LONDON Nov 15 U.S. Treasuries slipped on
Thursday as some investors pocketed profits after a sharp rally
over the past week, but fears of a fiscal crisis was likely to
keep underlying demand firm.
* The yield on 10-year notes stood at 1.61 percent
in European trade, up 2 basis points from late U.S.
levels and above a 10-week low of 1.572 percent hit on Tuesday.
* If the White House and a divided Congress do not produce a
deal on the federal budget before year-end, the series of
automatic tax hikes and spending cuts known as the fiscal cliff
will come into effect early in 2013, hitting economic growth.
* President Barack Obama said on Wednesday that Republicans
would have to agree to raise taxes on the wealthy as the first
step in a budget deal. But top Republican lawmakers have been
steadfast in pushing to hold down tax rates for top earners.
* Few market players expect a compromise between the
Democrats and the Republicans any time soon, suggesting firm
support for Treasuries in coming weeks.
* "Tens are a bit weaker but the market has risen quite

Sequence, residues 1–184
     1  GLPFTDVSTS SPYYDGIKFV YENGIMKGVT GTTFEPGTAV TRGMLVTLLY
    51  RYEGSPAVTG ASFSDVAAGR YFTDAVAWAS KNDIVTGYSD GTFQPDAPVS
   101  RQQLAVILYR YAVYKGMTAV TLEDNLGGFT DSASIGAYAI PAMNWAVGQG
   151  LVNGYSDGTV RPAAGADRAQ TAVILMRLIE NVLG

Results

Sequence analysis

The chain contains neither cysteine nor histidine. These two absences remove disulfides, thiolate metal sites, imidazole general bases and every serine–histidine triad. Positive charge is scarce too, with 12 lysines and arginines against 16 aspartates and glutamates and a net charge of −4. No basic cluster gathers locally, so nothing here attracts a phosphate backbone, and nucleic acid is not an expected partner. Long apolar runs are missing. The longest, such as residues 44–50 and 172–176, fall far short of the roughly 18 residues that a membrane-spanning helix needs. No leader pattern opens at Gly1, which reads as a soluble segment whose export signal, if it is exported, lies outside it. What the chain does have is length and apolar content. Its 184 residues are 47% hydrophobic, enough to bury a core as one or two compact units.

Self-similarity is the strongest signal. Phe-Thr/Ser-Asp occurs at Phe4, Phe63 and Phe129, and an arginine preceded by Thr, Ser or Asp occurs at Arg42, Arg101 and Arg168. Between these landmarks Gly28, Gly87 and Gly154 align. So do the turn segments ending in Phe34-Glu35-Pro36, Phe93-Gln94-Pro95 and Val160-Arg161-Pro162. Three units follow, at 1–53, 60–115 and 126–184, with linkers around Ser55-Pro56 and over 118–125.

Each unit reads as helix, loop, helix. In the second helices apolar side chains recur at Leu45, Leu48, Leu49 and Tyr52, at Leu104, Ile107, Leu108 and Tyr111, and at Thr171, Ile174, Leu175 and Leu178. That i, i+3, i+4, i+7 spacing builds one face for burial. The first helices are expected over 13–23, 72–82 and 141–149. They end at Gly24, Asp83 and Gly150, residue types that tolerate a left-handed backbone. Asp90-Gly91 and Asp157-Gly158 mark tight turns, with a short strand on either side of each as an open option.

sharply recently so there's a bit of profit-taking," one trader
said. "President Obama's comments suggest there's little
likelihood for a compromise any time soon so the market will be
supported until fiscal cliff risks are out of the way."
* A significant rise in Treasury yields was also limited
after San Francisco Fed President John Williams' said late on
Wednesday the Federal Reserve would likely keep buying both
mortgage-backed securities and Treasuries until late 2013.
* "The Japanese are still underlying buyers. Williams
implying that QE3 is showing signs of working and maybe expanded
next year is pretty supportive for the market as well," another
* Minutes of the Federal Reserve policy meeting in October,
in which a number of officials reckoned the central bank would
need to ramp up its bond buying to help the economy, also gave
* The minutes showed a number of Fed officials thought the
central bank would need to buy more bonds when its "Operation
Twist" programme expires at the end of the year.
* That cemented market expectations that the Fed will keep
buying the same amount of bonds - about $85 billion each month -